Nautilus – Part 1 at Marsèlleria, Milan

Nautilus – Part 1, exhibition view at Marsèlleria, Milan

 

“Captain Nemo,” I told my host, who had just stretched out on a couch, “this is a library that would do credit to more than one continental palace, and I truly marvel to think it can go with you into the deepest seas.”

“Where could one find greater silence or solitude, professor?” Captain Nemo replied. “Did your study at the museum afford you such a perfect retreat?”

“No, sir, and I might add that it’s quite a humble one next to yours. You own 6,000 or 7,000 volumes here…”

“12,000, Professor Aronnax. They’re my sole remaining ties with dry land. But I was done with the shore the day my Nautilus submerged for the first time under the waters. That day I purchased my last volumes, my last pamphlets, my last newspapers, and ever since I’ve chosen to believe that humanity no longer thinks or writes. In any event, professor, these books are at your disposal, and you may use them freely.”

Nautilus – Part 1, exhibition view at Marsèlleria, Milan

 

Nautilus – Part 1, exhibition view at Marsèlleria, Milan

 

This dialogue from Twenty Thousand Leagues Under the Sea was a reference point in Georges Perec’s Brief Notes on the Art and Manner of Arranging One’s Books, in a chapter dedicated to the challenge of keeping a limited number of volumes in one’s library. According to the author, the dilemma is about how to maintain the selection of books not to miss recent publications of interest, neither to loose essential publications from the past: clearly, the only solution is a constant update of the library, an endless struggle for a satisfying balance. Perec’s book was published in 1985, three years after his death and many years before the evolution of the web as a common research and archive tool.

Back to Twenty Thousand Leagues Under the Sea, Captain Nemo was not only a character relating with the topic of the ultimate archive, but his motivation to travel the world on board of the Nautilus – seeking revenge for oppressed and forgotten communities – leads us to globalization, another issue of culture in recent times.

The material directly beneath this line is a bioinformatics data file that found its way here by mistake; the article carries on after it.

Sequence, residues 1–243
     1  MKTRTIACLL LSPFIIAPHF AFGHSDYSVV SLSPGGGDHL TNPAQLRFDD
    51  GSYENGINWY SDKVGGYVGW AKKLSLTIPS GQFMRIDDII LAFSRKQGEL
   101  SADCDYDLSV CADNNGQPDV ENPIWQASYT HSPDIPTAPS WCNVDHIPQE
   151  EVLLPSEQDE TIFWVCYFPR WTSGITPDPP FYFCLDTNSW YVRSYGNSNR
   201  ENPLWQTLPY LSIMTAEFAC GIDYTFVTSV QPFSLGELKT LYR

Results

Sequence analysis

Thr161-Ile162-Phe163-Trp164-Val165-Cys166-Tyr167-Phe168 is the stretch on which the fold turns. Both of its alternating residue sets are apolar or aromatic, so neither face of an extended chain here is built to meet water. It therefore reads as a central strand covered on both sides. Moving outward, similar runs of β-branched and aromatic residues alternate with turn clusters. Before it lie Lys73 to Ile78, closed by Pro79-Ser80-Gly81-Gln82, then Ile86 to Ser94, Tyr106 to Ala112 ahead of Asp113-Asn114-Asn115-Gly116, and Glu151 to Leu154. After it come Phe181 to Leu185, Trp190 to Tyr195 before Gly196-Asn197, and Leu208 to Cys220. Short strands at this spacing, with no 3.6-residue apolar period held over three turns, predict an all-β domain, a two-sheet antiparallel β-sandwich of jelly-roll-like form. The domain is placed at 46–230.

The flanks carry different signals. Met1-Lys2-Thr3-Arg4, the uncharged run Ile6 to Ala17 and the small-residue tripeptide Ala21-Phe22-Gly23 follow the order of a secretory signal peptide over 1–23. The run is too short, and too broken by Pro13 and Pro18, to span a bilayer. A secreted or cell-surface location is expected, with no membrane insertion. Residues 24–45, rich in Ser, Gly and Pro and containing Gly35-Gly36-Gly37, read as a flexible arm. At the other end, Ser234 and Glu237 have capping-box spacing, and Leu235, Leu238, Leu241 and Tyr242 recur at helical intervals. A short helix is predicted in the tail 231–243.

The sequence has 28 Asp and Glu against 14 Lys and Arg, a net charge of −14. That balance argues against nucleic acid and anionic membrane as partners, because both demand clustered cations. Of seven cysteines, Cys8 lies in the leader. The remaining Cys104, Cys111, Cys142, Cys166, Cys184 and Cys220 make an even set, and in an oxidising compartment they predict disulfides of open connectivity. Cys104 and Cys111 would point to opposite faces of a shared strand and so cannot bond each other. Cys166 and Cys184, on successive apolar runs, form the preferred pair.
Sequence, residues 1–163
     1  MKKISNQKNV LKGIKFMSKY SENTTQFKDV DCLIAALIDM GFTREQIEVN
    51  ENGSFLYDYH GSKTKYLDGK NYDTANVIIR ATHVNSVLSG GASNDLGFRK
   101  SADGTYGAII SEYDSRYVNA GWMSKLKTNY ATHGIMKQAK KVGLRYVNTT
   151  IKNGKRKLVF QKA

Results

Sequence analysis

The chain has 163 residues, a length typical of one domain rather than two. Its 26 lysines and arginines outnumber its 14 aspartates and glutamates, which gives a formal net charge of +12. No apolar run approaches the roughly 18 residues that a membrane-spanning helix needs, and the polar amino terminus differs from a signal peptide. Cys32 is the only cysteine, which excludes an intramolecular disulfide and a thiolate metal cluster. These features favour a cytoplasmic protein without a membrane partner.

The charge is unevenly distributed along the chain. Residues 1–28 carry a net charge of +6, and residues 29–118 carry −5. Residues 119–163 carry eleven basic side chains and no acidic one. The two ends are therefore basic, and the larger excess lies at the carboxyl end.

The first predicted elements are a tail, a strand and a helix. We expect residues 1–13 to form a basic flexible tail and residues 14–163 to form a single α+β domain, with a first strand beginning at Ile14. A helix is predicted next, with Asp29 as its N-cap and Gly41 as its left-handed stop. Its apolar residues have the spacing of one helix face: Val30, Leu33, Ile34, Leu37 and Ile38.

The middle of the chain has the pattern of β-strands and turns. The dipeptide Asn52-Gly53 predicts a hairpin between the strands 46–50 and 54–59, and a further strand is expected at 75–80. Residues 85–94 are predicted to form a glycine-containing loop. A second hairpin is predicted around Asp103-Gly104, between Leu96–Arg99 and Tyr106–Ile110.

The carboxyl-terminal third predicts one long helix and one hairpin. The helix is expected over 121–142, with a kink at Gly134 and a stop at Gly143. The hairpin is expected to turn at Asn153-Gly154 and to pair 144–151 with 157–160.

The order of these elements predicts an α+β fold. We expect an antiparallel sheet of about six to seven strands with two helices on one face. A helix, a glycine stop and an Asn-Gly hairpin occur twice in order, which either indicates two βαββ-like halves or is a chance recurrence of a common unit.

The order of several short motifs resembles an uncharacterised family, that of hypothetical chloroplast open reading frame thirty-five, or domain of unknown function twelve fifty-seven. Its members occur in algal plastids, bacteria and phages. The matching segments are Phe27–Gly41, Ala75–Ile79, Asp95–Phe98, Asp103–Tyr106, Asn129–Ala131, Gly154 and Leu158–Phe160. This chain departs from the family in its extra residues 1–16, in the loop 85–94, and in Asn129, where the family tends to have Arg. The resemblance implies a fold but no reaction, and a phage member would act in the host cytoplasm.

Thinking of transformation not as a transition but as a stable, unavoidable condition, Nautilus – Part 1 aims to display this idea of fruition- driven necessary compromise: a – obviously limited – number of artists and artworks dealing with the contemporary notion of tradition and memory, world history record and reconstruction, fruition through linear time.

 

Luca Pozzi, Home Pyramid, 2017, martial art tatami, black crystal,
luminescent sponge, electromagnetic levitation field, variable dimensions,
detail
Courtesy Federico Luger

 

Luca Pozzi, Home Pyramid, 2017, martial art tatami, black crystal,
luminescent sponge, electromagnetic levitation field, variable dimensions,
detail
Courtesy Federico Luger

 

Clement Valla, 25.120.246 a,b Font, 2015, inkjet on belgian linen over CNC
milled foam sculptures

 

Clement Valla, 50.159 Saint Barbara, 2015, inkjet on belgian linen over CNC
milled foam sculptures

 

Mishka Henner, Astronomical, 2011, twelve books and a video

 

Elena Radice, FreeCanon/Controversial Freedom, 2015, music composition

 

Curated by Zoe De Luca. Participating artists: Misher Henner, Malaxa (Alicia Mersy, Tabita Rezaire), Luca Pozzi, Clement Valla, Guan Xiao.

Marsèlleria permanent exhibition –  via Privata Rezia, 2 – Milan
8 February – 3 March 2017